A Community Devoted to the Preservation and Practice of Celestial Navigation and Other Methods of Traditional Wayfinding
From: David C
Date: 2020 Oct 12, 19:40 -0700
I have the impression that right up to the GPS era marine and air navigation were treated as distinct subjects. On the marine side the US published HO214 in the 1930s/40s. The UK published a facsimile (with permission) of 214 in 1952 (HD486). In 1971 229 (NP401 & HD605 in the UK) was published. HO 229 was computed electronically.
On the air side the UK and US produced various tables in the 1930s/40s. ISTR reading that the US borrowed data from the UK but cannot remember the details.These became HO249/AP3270 in the early 1950s. AP3270 was a facsimile of 249 produced with permission.
As for 249 preceeding 229...........my guess is that the USNO was a bureaucracy. Buried deep inside the organisation was a clerk responsible for a sheet of paper or paper file from which the HO numbers were allocated. The person responsible for marine tables requested a number (by internal memo, initialed by lots of people) before the air person. Then for some reason the air tables were published first.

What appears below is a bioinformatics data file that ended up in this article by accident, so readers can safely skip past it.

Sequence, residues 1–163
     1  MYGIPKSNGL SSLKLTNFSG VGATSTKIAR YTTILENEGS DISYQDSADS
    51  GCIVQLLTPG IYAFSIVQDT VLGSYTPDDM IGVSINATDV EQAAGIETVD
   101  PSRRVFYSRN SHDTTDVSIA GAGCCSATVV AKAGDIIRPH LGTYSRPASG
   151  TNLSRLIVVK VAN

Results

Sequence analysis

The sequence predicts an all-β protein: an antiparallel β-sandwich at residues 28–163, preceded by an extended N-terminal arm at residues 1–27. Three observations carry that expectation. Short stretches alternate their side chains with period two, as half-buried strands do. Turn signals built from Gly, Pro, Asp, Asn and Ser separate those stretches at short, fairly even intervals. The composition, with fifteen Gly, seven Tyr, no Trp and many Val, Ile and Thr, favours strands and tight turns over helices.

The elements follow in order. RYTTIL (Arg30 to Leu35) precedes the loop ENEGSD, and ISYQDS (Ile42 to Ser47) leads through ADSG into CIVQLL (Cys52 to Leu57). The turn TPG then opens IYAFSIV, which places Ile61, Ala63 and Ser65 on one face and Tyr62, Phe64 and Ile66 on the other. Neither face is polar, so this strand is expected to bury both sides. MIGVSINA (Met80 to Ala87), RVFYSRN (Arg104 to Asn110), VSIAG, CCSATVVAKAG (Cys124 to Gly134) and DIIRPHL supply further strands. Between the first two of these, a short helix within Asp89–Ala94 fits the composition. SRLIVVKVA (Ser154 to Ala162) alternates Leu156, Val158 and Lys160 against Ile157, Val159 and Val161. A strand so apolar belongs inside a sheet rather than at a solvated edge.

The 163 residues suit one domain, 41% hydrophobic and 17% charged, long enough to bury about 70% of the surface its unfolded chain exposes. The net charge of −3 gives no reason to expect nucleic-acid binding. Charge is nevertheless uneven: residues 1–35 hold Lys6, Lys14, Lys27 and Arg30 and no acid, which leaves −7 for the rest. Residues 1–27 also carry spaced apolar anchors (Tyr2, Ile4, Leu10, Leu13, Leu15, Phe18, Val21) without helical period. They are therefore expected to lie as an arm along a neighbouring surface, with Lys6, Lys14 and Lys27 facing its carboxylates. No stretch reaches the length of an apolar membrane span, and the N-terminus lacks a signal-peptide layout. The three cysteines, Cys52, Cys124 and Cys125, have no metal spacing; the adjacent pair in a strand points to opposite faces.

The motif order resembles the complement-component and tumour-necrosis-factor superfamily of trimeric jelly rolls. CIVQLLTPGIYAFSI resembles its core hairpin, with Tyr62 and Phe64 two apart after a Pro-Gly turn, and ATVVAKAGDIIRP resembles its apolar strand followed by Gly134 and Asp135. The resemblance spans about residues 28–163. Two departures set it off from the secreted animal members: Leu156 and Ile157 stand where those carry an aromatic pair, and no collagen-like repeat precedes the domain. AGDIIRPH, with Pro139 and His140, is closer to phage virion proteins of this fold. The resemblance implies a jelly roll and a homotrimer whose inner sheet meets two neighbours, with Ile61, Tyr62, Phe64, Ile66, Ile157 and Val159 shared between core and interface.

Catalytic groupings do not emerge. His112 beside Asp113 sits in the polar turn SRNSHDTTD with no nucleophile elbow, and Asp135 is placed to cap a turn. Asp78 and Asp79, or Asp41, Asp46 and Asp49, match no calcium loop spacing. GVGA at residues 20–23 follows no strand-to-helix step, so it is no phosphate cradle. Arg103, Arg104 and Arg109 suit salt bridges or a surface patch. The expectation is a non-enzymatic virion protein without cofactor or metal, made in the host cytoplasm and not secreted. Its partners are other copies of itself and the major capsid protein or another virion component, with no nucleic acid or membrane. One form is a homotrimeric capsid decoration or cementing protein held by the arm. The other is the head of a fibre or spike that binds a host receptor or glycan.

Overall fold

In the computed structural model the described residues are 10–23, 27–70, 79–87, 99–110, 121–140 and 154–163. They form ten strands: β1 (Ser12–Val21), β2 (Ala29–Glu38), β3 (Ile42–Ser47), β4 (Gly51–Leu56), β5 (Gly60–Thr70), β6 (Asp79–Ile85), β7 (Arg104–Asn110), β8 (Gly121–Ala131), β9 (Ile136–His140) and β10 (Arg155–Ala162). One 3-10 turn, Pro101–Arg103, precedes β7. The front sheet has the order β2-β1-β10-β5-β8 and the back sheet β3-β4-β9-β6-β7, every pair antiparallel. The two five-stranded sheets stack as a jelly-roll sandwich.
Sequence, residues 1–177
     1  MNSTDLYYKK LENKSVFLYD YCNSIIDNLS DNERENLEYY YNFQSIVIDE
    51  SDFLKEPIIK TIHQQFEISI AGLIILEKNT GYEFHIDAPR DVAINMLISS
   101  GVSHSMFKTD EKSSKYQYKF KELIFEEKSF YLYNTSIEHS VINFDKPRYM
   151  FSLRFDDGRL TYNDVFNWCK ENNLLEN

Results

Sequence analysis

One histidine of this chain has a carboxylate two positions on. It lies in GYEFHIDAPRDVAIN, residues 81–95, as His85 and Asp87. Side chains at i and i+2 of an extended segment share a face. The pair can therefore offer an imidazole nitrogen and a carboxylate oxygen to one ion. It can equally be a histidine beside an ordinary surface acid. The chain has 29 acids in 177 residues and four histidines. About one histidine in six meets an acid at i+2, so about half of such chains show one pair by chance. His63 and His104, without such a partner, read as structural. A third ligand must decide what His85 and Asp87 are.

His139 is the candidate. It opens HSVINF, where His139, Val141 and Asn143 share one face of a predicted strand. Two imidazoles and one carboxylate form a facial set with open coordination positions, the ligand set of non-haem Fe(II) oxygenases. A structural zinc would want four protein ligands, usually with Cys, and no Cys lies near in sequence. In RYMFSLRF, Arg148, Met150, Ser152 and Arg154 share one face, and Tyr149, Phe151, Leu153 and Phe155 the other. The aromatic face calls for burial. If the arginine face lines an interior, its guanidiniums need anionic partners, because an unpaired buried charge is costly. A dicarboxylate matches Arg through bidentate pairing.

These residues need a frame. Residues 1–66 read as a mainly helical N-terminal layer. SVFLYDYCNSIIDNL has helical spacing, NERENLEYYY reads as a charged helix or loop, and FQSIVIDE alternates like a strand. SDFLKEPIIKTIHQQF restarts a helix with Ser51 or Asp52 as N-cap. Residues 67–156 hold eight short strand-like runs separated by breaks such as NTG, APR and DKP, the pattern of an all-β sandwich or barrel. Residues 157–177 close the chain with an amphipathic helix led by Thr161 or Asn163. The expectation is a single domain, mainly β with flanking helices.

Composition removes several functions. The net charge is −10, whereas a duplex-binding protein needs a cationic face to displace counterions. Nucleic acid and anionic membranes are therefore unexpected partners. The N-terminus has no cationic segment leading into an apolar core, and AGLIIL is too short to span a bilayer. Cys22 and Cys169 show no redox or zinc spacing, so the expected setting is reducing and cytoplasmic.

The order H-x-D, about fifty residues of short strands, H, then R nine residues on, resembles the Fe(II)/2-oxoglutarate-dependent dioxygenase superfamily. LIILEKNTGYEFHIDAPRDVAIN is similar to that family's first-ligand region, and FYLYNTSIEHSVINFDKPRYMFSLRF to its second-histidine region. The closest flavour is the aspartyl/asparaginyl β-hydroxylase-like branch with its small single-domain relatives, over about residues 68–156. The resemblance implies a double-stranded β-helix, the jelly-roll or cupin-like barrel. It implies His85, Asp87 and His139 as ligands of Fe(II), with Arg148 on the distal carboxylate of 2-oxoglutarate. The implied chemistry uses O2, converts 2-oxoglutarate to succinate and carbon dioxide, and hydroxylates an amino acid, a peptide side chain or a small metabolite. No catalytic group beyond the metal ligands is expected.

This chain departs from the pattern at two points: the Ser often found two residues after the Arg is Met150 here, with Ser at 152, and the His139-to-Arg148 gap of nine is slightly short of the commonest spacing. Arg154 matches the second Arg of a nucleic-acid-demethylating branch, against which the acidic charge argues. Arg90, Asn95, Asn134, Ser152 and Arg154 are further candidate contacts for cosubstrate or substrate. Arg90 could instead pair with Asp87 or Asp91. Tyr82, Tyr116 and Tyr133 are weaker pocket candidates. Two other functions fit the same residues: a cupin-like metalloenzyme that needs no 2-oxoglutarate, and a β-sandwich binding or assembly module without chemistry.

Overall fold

There is scope for a major research project. For example was the 229 code written in Fortran? Do paper/magnetic tapes or punched card copies exist in someone's private collection? What we need is someone with access to both the US and UK Federal/nNational archives and also mainframe computer archives. Not only is this part of the history of navigation it is an example of early computers being used for a "public good" rather than code breaking or designing hydrogen bombs. Unfortunatly this is a very specialised subject so the chances of me seeing the results of this research in my lifetime are remote!!!!